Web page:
Estate sales: An Atlanta how-to guide on winning big

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Estate sales: An Atlanta how-to guide on winning big

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Sarah Buehrle
Annette Whaley, looking for deals at a Mountain Park estate sale Friday, June 17, says estate sale shopping is both a hobby and a way to price for her church rummage sales.

Estate sales were once the the highfalutin stepsister of yard sales, but now they are the inviting, congenial sister you always wanted.

At least that's what the numbers say.

In 2015, there were a total of 1,949 estate sales in metro Atlanta conducted on EstateSales.net, an estate sales website and app that aggregates estate sales by zip code and allows the user to select sales by items for sale and driving distance. 

Beyond the joy of finding a treasure trove of home decor, mastering the estate sale can result in major bank.

"During my best year, I did $150,000 on eBay," said Marietta's Danielle Musolf, who shopped local estate sales before co-founding A New Leaf Estate Sales in 2010. "It was a lot of work though."

To lighten your workload, here are some tips before undertaking your own picking in Metro Atlanta:

Treasure Maps

  • The top cities to peruse estates sales, according to EstateSales.net, are Atlanta, where residents listed 659 sales last year, Marietta, with 260 sales, followed by Alpharetta's 231 sales and Roswell's 186 sales in 2015.
  • EstateSales.NET
  • Search in the top cities for estates sales, which, according to EstateSales.net, are Atlanta, where residents listed 659 sales last year, Marietta clocked 260 sales, followed by Alpharetta's 231 and Roswell's 186.
  • Follow the signs that pop up curbside each week, but know that a sale may be labeled an "estate sale" to class it up. A true estate sale will usually display the organizing company's logo.
  • Once inside a sale, sign up for the organizer's private email list for a direct line to upcoming sales.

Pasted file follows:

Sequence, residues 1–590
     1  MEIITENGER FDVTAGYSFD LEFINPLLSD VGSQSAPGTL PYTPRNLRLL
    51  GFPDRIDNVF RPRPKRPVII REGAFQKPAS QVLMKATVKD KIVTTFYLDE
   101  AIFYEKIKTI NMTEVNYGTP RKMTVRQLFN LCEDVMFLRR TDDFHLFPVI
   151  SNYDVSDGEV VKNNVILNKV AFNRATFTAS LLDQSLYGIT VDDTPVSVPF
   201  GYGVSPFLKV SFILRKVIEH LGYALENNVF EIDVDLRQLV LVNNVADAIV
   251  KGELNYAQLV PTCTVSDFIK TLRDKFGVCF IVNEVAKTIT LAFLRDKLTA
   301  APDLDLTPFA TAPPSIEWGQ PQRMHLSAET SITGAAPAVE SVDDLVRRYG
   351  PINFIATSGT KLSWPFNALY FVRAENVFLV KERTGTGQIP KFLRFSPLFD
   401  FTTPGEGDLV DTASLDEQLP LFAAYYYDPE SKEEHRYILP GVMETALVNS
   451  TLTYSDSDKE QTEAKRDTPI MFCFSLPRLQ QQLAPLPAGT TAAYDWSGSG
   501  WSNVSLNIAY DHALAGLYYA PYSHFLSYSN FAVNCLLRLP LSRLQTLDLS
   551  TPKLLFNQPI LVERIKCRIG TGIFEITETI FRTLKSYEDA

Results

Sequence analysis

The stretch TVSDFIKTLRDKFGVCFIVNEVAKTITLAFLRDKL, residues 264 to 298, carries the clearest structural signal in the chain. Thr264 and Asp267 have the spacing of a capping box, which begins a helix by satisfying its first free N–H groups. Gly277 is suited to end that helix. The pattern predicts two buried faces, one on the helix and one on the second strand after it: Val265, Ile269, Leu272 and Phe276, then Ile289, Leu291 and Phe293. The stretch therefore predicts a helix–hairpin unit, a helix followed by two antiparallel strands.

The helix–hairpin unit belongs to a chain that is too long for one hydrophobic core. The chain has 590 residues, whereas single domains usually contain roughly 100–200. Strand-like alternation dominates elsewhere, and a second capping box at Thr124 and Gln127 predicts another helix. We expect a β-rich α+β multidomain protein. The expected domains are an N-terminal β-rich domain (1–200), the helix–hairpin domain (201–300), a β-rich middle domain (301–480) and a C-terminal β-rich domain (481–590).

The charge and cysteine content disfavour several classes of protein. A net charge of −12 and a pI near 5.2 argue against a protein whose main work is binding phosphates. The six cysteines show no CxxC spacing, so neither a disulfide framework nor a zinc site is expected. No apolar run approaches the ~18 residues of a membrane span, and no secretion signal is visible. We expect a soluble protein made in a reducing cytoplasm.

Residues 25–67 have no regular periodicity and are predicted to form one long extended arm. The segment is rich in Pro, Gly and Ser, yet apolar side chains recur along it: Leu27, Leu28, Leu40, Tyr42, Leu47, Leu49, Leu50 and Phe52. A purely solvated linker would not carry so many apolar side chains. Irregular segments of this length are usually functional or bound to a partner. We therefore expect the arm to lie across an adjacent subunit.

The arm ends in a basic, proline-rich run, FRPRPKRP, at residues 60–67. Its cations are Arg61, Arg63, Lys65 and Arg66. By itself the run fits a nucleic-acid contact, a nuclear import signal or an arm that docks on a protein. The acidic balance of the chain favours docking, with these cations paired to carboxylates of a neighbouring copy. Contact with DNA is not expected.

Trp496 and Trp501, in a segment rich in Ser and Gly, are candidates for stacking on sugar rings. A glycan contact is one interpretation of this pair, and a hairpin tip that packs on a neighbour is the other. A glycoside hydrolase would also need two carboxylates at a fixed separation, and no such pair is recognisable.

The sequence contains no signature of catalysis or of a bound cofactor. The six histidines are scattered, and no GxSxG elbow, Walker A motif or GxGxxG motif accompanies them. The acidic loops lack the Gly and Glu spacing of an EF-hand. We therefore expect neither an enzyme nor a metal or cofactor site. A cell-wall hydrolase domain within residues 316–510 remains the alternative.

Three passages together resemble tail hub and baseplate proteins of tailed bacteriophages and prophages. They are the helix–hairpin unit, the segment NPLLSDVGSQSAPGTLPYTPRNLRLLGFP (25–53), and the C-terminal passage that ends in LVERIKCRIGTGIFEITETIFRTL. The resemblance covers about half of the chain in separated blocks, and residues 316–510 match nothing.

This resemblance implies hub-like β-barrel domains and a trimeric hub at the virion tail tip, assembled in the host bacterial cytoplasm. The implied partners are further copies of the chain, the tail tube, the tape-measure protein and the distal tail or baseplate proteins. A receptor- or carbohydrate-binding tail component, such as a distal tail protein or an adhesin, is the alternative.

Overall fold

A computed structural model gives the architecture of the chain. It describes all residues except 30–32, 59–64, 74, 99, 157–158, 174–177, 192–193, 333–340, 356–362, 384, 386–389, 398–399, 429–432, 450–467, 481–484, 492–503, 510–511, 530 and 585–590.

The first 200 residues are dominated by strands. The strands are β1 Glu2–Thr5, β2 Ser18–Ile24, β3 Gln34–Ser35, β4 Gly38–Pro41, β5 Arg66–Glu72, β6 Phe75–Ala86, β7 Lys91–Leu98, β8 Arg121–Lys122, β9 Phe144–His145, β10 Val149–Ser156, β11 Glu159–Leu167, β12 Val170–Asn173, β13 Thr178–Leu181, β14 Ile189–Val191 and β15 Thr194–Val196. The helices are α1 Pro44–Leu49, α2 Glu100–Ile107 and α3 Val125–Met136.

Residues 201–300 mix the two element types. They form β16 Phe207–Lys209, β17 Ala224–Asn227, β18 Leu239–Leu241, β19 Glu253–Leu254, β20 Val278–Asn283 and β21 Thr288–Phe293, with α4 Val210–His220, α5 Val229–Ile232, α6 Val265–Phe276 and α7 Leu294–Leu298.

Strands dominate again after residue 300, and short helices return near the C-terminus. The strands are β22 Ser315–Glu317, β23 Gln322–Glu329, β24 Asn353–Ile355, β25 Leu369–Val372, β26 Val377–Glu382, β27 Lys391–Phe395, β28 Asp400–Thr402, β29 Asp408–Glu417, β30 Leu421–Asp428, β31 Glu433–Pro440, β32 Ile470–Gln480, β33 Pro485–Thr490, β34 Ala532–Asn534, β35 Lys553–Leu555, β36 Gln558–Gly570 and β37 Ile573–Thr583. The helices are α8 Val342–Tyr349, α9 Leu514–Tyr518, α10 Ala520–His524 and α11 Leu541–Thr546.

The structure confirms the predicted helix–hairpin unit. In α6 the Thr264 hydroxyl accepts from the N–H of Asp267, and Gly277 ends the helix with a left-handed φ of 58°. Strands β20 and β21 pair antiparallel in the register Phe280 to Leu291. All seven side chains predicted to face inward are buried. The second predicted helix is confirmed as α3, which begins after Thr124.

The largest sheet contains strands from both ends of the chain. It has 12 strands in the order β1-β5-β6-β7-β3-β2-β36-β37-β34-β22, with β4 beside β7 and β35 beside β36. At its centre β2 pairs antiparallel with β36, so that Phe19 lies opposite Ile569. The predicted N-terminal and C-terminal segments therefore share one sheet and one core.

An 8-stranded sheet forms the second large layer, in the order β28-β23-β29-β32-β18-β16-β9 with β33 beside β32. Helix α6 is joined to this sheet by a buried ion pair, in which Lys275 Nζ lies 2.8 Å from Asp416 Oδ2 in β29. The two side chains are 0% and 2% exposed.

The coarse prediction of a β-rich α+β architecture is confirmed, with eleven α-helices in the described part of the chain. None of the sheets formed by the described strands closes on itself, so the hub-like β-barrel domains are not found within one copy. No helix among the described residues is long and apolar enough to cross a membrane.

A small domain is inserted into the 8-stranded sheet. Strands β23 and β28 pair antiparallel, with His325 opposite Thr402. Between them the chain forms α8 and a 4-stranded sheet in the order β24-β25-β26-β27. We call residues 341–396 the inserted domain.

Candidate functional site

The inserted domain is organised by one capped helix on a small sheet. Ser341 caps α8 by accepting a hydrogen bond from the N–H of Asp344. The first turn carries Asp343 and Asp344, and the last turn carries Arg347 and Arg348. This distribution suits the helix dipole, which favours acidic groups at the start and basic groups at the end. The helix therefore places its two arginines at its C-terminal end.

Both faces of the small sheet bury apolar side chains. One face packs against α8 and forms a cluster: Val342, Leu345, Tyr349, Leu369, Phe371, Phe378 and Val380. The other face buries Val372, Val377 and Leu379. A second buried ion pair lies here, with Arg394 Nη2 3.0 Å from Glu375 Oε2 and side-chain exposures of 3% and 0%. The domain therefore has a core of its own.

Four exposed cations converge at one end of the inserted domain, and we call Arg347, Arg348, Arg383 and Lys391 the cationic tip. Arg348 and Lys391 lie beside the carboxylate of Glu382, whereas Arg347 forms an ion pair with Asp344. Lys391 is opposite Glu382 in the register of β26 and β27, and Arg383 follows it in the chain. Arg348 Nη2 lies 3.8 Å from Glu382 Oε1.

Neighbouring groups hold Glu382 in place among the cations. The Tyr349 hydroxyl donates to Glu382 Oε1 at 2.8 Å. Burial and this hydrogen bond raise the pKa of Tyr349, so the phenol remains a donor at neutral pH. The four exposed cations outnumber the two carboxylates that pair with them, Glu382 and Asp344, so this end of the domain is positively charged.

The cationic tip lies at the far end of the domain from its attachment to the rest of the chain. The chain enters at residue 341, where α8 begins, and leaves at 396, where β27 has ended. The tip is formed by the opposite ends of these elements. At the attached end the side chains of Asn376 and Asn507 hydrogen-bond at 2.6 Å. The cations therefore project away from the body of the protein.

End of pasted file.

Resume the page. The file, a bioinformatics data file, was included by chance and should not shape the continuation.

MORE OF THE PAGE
How to get in

  • If you show up when the sale starts, you'll likely be last in line. Camping out for sales offering highly collectible items is common.
  • Companies may hand out entry numbers up to an hour in advance of start time. Others will offer a sign up sheet.
  • At small sales venues such as a house, companies may only let in small groups of people.

Insider's tip: Musolf said to just go with it if a waiting crowd starts a self-numbering system. Many of the buyers already know each other from previous camp outs and numbers will be honored.

What to bring

  • Bring your own bags, boxes or dolly to carry things. Not every sale will allow these things, but it's better to have them than to be caught up short.
  • You could be walking through basements, attics or barns. Bring a flashlight and sensible shoes.
  • Bring a fat wallet: Some places will accept approved checks and credit cards, but most only accept cash.
  • Have your own "sold" stickers, address labels or post-it notes to slap on large items while you find a sales assistant.

Insider's tip: Musolf said A New Leaf Estate Sales does not ban self-made "sold" stickers and address labels, but if a person puts a note on an item, her company asks they then buy it.

How to snag the good stuff

Jewelry, books, Native American and audiophiles were the top Atlanta buyer searches on EstateSales.NET. If your goal is one of those highly sought-after items, your best bet for success is to do your homework:

  • Develop an area of expertise to know how to spot defects or imitations.
  • Knowledge also means you have a better chance of keeping your cool during a crowded sale.
  • Don't call ahead and offer a credit card to purchase something before the sale starts. Most professionals won't allow it.

Insider's tip: McQuade said people look at sale ad photos before the sale, trying to figure out where the lot is inside the home to maneuver through a crowd quickly. "Use the context clues," McQuade said.

How to bargain

  • Look for comparable items on eBay – if you know what things sell for, then you know what you want to pay.
  • If what you want is not highly collectible but more unique to your tastes, then it might be better to wait until the second day or last day to make an offer.
  • Some companies will accept a stated percentage of the sticker price on large items, and ask that you put a bid in with earnest money.

Insider's tip: "There's a way you can ask nicely and a way you can not ask nicely. 'Are discounts going on yet? Is there a time discounts start? Would you consider taking less?'" said McQuade. "I know a lot of estate sale companies hate it when you say, 'I'll give you $100.' It's that whole just being polite."

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